MilitaryHistoryOnline.com Home   Genealogy   Forums   Search   Contact
Search
Amazon:
Keywords:
Mywatchhasrundown, can replace it General quartz, electronic watches need to replica watches uk provide power battery, battery life is generally around 1-2. When your watch appears Hands tremble, slow down, stop and go and other abnormal phenomenon, it is necessary to consider the replacement of breitling replica the battery, the button battery is not expensive, but open the watch is a technology live, not It is recommended to disassemble the watch and replace it, preferably to a professional repair table. Attention, watch the power exhaust should be replaced or removed as soon as possible, so as not to damage the battery leakage movement. How long is the watch life The service life of the watch has not been able to use the exact digital representation. Generally speaking, the life of rolexreplicauk.co.uk the watch and the wearer are properly used and guaranteed.Watch related. For example, Peter Pace wear watches a bath, watch the appearance of dirty, watchband length discomfort, bad environment, serious impact, will make the watch is easy to damage, shorten the Service life¡£
MHO Home
MHO Home
 Ancient
 Medieval
 17th Century
 18th Century
 19th Century
 American Civil War
 World War I
 World War II
 Korea
 Vietnam
 20th - 21st Century


 Write for MHO
 Search MHO
 Civil War Genealogy Database
 Privacy Policy

Bob Seals Articles
MacArthur and Baseball
U.S. Army Model 1913 Cavalry Saber
Into the Special Forces: Rudi Horvath
Polo and the US Army Officer Corps
Ed Ramsey, 26th Cav Reg (Philippine Scouts)
Lodge Act Soldier
Book Review: Lions of Kandahar
Chinese Support for Vietnam
MacArthur and the Cavalry
The "Green Beret Affair"
"Peace" in a Very Small Place
Bob Seals Book Reviews
Alvin York
The Last Valley

Recommended Reading


The Patton Mind


The Twilight of the U.S. Cavalry: Life in the Old Army, 1917-1942
 

Ads by Google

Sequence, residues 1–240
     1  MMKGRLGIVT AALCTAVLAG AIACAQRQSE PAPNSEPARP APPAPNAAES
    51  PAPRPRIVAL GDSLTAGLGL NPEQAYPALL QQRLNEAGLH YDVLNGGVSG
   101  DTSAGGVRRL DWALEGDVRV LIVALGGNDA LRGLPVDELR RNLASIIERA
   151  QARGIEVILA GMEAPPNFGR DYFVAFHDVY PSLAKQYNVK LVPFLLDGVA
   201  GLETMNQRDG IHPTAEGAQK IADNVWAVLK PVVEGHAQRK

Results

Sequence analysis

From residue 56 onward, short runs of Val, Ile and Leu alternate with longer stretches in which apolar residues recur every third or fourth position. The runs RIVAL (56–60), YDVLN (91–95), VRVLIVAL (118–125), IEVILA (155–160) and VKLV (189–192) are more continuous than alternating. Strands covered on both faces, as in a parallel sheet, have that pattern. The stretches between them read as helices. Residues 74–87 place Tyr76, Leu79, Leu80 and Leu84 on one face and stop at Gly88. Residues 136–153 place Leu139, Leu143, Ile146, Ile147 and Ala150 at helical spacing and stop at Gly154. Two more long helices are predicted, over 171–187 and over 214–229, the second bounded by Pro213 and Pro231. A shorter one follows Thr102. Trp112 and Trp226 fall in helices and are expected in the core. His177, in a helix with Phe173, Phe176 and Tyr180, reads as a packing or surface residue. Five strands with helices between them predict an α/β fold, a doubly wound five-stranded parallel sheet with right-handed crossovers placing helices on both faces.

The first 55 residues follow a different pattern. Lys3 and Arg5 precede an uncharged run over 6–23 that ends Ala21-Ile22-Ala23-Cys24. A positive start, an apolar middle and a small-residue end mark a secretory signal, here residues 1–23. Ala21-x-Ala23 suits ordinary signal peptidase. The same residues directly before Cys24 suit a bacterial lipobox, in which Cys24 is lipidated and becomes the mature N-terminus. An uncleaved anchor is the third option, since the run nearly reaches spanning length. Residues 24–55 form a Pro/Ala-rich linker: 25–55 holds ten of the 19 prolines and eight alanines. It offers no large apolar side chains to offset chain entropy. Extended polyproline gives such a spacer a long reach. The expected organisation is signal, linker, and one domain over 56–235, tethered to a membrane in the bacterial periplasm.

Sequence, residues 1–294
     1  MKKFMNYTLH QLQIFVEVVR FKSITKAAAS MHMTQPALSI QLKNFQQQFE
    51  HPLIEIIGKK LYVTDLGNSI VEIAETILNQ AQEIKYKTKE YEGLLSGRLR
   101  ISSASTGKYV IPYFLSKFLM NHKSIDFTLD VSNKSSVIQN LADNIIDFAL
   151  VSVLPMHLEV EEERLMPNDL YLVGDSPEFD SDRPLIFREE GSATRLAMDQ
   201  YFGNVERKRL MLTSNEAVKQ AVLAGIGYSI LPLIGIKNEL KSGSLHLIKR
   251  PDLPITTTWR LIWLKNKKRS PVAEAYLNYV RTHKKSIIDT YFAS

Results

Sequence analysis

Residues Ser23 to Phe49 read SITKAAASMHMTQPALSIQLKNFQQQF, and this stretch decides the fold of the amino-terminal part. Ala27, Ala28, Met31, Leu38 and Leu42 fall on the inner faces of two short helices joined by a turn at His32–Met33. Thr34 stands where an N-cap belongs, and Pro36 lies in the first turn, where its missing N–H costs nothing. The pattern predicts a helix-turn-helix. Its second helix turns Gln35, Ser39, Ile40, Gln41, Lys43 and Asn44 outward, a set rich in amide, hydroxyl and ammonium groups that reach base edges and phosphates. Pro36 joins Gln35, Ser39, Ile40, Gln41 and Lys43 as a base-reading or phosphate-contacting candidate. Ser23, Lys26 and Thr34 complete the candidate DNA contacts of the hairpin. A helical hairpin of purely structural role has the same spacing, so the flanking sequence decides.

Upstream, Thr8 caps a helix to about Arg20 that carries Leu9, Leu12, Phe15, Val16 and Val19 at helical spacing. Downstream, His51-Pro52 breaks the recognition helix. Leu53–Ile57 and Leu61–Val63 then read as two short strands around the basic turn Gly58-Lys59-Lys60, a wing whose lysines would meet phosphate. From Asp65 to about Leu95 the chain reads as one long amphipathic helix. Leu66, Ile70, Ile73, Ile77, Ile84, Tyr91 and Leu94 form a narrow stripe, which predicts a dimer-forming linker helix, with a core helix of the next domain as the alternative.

“U.S. ARMY CAPTURES WORLD POLO TITLE” - Polo and the United States Army Officer Corps during the interwar period
“U.S. ARMY CAPTURES WORLD POLO TITLE”
Polo and the United States Army Officer Corps during the interwar period

by Bob Seals

“The United States Army polo team swept everything before it yesterday on International Field, Meadow Brook Club, Westbury, L.I., and captured the third and deciding game for the world’s military championship from Great Britain, 10-3. There is no superlative to describe the efforts of the United States representatives. Pitted against a team rated nearly twice as strong as individuals and which was mounted on far superior ponies, the Americans won simply by their own determined will to conquer and an ability to play together as a unit.”[1]


Introduction

After the “war to end all wars” ended on the 11th hour of the 11th day of the 11th month across Europe in 1918, the United States Army entered what accomplished historian Dr. Edward Coffman characterized as a “limbo” period.[2] Many Americans openly questioned the need for such an institution, with the inevitable cycle of reductions and overseas withdraws paring the Army down to a skeletal frame of its First World War glory. The early years of the “Roaring Twenties” saw significant Army training all but cease. The monotonous daily schedule of formations, duties and drills helped make athletics an increasingly significant part of Army life.

For a number of Army officers, rather than endure an idle existence at the Officers Club after morning formation and work call, the mounted sport of polo became an important part of their interwar routine. Derided by conventional historical wisdom as a frivolous and meaningless activity, polo was; in fact, a significant sport that many officers pursued with gusto during the time of The Great Gatsby, Babe Ruth and bathtub gin. The year of 1923 saw a singular peak of accomplishment for Army Polo as a handpicked and highly trained squad defeated the finest military opponents in the world from the United Kingdom. The victory popularized the sport and set the tone for an Army level of participation and success that would only come to an end with the advent of the Second World War.

Background

Polo in the United States Army can be traced back to at least 1892 when the 4th Cavalry Regiment established a regimental club in Washington State. By 1902 the Army Polo Association was established, affiliated with the U.S. Polo Association (USPA), with Army clubs organized on posts both in the states and overseas. Six years later Army officers first appeared in the roster of ranked players with a handicap from the USPA. Growth of the sport continued in the years before the First World War with teams organized on most posts and the hosting of an Army Championship played in Washington, DC.[3]